Travelogue continued: getting to know Hakusan again after a long gap
As a rule, mountaineers aren’t fond of change – we like our mountains the way they always have been. This morning, though, innovations leapt out at every bend in the road. That’s only to be expected when you revisit a favourite mountain for the first time in decades. When we reached the end of the forest road, the Sensei parked her van in a multi-level car park; in the old days, this was just a patch of gravel.
Shrouded in mist, our mountain looked suitably mysterious. Hakusan is one of Japan’s three most sacred summits, along with Mt Fuji and Tateyama. It was the home mountain of the author who wrote up the Nihon Hyakumeizan, and the first high one that he climbed. "I could write for ever about Hakusan," Fukada Kyūya wrote, "so much has the mountain given me."
Unfortunately, the instant success of Fukada's book greatly increased the popularity of the mountains he described. That is all the more ironic in the light of the acerbic comments about new roads, ski resorts and summit installations that he sprinkles through his mountain essays. For Fukada was an arch-conservative. In the afterword to Nihon Hyakumeizan, he has this to say about “famous mountains” that let themselves be Disneyfied:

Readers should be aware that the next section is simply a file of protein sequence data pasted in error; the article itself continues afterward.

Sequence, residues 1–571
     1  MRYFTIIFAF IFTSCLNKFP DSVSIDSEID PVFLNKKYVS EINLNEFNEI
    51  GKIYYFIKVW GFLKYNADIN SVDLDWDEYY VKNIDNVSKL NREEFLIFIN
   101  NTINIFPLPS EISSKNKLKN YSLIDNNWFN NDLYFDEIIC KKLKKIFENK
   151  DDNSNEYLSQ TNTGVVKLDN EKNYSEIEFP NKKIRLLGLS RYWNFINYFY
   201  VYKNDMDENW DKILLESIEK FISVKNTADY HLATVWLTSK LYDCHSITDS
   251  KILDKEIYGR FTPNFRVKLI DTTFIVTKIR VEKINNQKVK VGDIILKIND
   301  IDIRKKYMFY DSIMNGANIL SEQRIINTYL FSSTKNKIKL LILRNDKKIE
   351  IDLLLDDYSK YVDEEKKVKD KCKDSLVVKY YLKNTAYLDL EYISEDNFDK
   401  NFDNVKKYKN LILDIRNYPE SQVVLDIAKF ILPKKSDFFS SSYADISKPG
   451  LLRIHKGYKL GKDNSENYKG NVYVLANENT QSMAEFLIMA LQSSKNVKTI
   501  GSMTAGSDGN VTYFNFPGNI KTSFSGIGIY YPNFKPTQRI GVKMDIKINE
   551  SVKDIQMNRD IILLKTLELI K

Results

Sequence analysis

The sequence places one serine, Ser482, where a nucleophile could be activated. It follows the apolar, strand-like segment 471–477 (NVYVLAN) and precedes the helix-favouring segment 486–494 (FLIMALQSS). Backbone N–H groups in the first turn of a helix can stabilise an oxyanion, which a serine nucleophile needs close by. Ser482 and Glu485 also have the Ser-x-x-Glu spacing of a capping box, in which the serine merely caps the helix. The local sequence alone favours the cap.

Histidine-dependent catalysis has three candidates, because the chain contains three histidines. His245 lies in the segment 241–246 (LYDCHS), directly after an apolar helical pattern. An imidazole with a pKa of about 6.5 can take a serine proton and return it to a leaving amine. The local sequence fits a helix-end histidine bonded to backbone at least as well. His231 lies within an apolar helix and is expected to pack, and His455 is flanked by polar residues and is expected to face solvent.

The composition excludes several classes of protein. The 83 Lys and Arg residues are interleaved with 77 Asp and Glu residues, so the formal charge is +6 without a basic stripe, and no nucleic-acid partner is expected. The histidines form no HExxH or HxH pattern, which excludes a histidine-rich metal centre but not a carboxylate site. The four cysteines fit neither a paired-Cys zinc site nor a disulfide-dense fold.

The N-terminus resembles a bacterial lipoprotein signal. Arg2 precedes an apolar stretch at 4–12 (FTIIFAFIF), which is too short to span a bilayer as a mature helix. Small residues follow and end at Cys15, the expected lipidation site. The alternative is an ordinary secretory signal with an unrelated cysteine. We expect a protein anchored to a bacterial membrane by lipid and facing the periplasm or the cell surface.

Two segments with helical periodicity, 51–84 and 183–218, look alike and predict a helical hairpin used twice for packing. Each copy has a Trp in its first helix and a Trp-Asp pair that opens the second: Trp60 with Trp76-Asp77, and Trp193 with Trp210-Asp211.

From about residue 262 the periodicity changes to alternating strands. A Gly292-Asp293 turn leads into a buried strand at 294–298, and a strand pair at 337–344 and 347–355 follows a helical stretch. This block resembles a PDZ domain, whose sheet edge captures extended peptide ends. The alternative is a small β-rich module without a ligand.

A peak that people admire from morning to night, that they crown with a shrine, necessarily qualifies as an "eminent mountain". A true spirit of reverence inheres in such places. Unfortunately, the crowds mobilized by mass tourism have debased some of these mountains, hallowed by tradition though they once were, and driven the mountain gods from their haunts. Such mountains are no longer eligible as Meizan.
Could Hakusan too be in danger of losing its Meizan brevet? As we shrugged on our packs in front of a grandiose visitor pavilion, I was starting to worry. The spirit of reverence seemed to be much in abeyance around here. True, the climbing path leads out under a concrete torii, but this structure serves mainly to funnel visitors over giant doormats. These are supposed to wipe the seeds of alien weeds from hikers’ boots, said the Sensei. A little later, she pointed out such an intruder, sprouting by the path.
Cloud kept our valley in shadow, though fitful shafts of light played on distant hills. Soon we stopped to take off our jackets: in the old days, frost pillars would push out of the ground in this season, and snow would already have dusted the summits. Today was more late summer than early winter. No wonder those alien plants are moving uphill.
Coming up to a pair of mountain birches that mark the start of Hakusan’s sub-alpine zone, the Sensei patted the silvery bark and announced them as old friends. A while later we reached the midway hut at Jin-no-suke. Or rather we reached the large blockhouse that replaced the small wooden hut which used to merge unobtrusively into the hill. We took our half-way break on the new concrete terrace, where once there was a forest glade.